10 Ways to Improve Patient Interaction While Wearing a Mask

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The following is an excerpt from a recent article published by MedPage Today. The link to the full article can be found at the bottom of the page. 


A new family medicine resident recently wrote to us about the challenges communicating with patients while wearing a mask.


"I want to be able to read their body language," wrote Alyssa Gerth, DO. "I also want to be able to expressively convey joy, empathy, compassion, understanding, and other emotions during a patient visit that can usually be communicated through the face or through professional touch."


She continued, "My fear is that my patient-doctor rapport will suffer with these masks and that I won't be able to connect with my patients as I wish to."


Gerth's concerns are well founded. Nonverbal communication is an essential skill for clinicians and can increase patient satisfaction and adherence. But, wearing a mask hinders our ability to nonverbally communicate effectively. Words are muffled and the facial expressions clinicians rely on to express emotion are concealed. Even more, interpreting patients' emotions and reactions becomes more challenging.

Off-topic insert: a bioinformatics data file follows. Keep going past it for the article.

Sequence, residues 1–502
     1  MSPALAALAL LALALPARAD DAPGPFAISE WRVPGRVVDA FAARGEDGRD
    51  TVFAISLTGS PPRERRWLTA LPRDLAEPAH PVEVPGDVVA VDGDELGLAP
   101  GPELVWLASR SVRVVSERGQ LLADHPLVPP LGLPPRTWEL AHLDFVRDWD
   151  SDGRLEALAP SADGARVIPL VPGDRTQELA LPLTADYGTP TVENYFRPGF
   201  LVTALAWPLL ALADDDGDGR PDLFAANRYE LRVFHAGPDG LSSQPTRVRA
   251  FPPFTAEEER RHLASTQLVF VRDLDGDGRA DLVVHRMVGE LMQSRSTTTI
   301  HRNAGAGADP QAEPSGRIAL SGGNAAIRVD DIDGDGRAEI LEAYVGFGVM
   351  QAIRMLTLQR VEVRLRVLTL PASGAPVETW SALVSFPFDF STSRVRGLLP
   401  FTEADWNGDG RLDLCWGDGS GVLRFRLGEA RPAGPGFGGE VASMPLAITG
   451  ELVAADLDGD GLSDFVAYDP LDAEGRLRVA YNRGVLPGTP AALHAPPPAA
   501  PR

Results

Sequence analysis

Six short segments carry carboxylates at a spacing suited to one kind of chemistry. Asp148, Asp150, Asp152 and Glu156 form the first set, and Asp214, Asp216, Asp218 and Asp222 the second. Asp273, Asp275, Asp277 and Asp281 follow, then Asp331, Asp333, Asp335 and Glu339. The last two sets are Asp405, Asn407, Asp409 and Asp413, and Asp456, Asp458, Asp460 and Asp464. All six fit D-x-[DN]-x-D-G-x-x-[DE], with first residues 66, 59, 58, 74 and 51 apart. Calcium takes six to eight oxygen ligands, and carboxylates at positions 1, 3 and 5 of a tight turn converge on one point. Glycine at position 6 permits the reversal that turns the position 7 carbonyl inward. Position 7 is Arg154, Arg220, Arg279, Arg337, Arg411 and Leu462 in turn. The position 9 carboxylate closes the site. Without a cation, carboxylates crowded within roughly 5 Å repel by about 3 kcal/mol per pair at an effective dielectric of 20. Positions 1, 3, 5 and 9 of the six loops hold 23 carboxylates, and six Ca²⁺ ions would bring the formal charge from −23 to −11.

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As clinician-educators and researchers in the field of healthcare communication, we turned to the research to compile 10 strategies to help clinicians, like Gerth, communicate while wearing a mask. The strategies represent four types of communication behaviors known to increase empathy and relational closeness:


  • Immediate (minimize psychological distance)
  • Convergent (express perceived and desired similarity)
  • Responsive (convey genuine concern and compassion)
  • Affiliative (communicate friendliness, warmth, and openness)
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